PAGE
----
Asian Noodle Salad with Chicken and Cilantro [Martha Stewart]
Instead of the usual Southwestern cuisines, try cilantro in an Asian-cuisine-inspired dish for a change. This noodle salad requires no cooking at all to create a fresh, interesting meal with a traditional Vietnamese sauce. Top it with cucumber and cilantro for a bit of added flavor.

Miso-Maple Sweet Potato Tacos with Coconut-Cilantro Sauce [The Kitchn]
There are so many delicious flavors in this taco dish, your taste buds will hardly know where to begin. Tender sweet potatoes covered in a miso and maple syrup glaze take the place of the usual taco meat, and avocado, cilantro, and toasted pepitas make a tasty garnish. The cilantro comes in at the end, when it’s blended with coconut to create a uniquely flavorful sauce for topping.

Zesty Quinoa Salad [AllRecipes]
If you want to eat healthily without sacrificing taste, you’ll absolutely love this quinoa salad. Fresh vegetables and black beans make it bright and nutritious, while cilantro and black pepper add major flavor.

Know These Three Terms Before Getting Creative in the Kitchen

Any cook knows that for a dish to turn out as intended, he or she needs to have a clear understanding of the recipe. That includes knowing the different common ways to cut and slice ingredients. Here are three terms you should know before getting started in the kitchen.

  1. Pare. Preferably done with a paring knife, to pare a fruit or vegetable means to peel the outer skin from it. Apples and potatoes are often prepared this way.
  2. Mince. You can do this with a sharp knife or kitchen scissor, just so long as you cut or chop the ingredient into very fine pieces. Mincing often applies to herbs and spices.
  3. Dice. If a recipe asked you to dice an ingredient, it means to chop it into small, uniform pieces. Chunky salsas and fruit salads often employ this action.

The Basic Kitchen:Glossary of Cooking Terms [Le Petites Gourmettes]
Glossary of Cooking Terms [Better Homes and Gardens]
Cooking Terms [Recipe Goldmine]
Glossary of Cooking Terms [Cookery]
Culinary Terms: Food Dictionary and Glossary of Cooking Terms [Culinary Arts]

Think Beyond Pesto With These Basil-Centric Recipes

Let’s talk about basil. It’s one of the most popular herbs, but its uses are often limited to pesto, Italian pastas, and not a whole lot else. Whether you have an overgrown basil pot or you simply want to experiment with more basil-heavy dishes, there are a number of different ways to incorporate this fresh, flavorful herb into your cooking. Here are just a few exciting basil recipes.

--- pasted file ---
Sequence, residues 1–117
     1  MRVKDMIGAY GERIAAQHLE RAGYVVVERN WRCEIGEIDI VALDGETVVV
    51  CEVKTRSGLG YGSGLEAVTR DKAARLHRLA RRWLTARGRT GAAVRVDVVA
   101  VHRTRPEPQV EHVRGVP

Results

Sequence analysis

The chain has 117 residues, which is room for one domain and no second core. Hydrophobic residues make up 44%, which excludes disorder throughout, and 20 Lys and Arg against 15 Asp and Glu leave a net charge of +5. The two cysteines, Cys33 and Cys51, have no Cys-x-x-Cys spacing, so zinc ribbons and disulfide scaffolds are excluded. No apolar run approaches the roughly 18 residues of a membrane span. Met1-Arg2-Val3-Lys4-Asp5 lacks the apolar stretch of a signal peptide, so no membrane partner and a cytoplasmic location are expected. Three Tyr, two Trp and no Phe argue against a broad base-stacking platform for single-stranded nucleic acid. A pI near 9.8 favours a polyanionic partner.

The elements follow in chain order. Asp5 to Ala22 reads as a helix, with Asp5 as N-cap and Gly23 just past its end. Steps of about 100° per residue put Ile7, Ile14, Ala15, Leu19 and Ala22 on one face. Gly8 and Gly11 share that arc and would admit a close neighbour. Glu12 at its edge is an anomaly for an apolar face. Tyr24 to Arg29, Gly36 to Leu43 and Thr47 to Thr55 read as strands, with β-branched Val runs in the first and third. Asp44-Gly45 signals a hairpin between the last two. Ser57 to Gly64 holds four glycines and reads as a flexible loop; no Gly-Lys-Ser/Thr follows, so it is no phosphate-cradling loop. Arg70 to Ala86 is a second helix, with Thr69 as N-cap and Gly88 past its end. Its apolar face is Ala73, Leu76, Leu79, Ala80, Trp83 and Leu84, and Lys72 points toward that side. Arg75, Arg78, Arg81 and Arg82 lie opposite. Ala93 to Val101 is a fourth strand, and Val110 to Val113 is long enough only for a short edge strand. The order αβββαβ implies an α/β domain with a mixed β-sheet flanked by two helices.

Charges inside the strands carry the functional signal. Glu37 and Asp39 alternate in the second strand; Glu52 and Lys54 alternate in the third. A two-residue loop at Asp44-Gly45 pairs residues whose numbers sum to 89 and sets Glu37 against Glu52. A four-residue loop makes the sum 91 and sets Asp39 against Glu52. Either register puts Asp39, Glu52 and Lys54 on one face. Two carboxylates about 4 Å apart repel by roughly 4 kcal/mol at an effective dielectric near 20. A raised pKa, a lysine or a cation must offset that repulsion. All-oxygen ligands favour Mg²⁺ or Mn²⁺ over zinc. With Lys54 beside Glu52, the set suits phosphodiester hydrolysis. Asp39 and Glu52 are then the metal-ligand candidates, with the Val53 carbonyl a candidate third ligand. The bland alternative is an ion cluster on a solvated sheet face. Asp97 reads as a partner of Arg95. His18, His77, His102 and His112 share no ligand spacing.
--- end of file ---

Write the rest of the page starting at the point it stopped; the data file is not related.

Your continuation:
Grilled Tuna with Basil Butter and Fresh Tomato Sauce [MyRecipes]
If your mouth is already watering at just the thought of basil butter, you’ll be even more enthralled when you find out how easy it is to make. Combined with the hearty tuna and zesty tomato sauce, this is a unique entree with basil as the main attraction.

Succotash Salad [The Kitchn]
Channel your inner Southerner with this lighter version of succotash. Corn, beans, and grape tomatoes provide some favorite summer flavors, while basil and feta cheese are the perfect accompaniments.

Apricot-and-Basil Shortbread Tart [HuffPost]
Few things are more indulgent than a freshly baked pastry, and this one has a shortbread influence that tastes rich and buttery. Roasted apricots sit atop a layer of creamy custard, and basil brings a cool flavor to this otherwise sweet treat. The finished tart looks rustic and attractive, which makes it the ideal dessert for an outdoor dinner party.

Learn to Cook with Turnips from These Online Guides

Turnips peak in October and continue to grow throughout the fall and winter, making them a delicious but often forgotten choice for warm, hearty cold weather meal planning. These online guides will teach you how to choose the perfect turnips, give you tips for preparing them, and provide you with enough recipes to last through the season.

Martha Stewart
Martha Stewart is a reliable choice for many cooking needs, and her Turnip and Rutabaga Basics guide does not disappoint. Here you’ll find what to look for when purchasing a turnip at the grocery store or farmers market, as well as how to store turnips in your home kitchen. She also provides a number of turnip recipes for side dishes, breakfasts, and nutritious salads.

All Recipes
Like the name implies, you’ll find just about any recipe you can imagine on All Recipes. The site’s section of turnip recipes is vast and packed with unique options, from Creamy Turnip with Paprika Soup to Crispy Turnip ‘Fries’ that even the kids will love.

BBC Food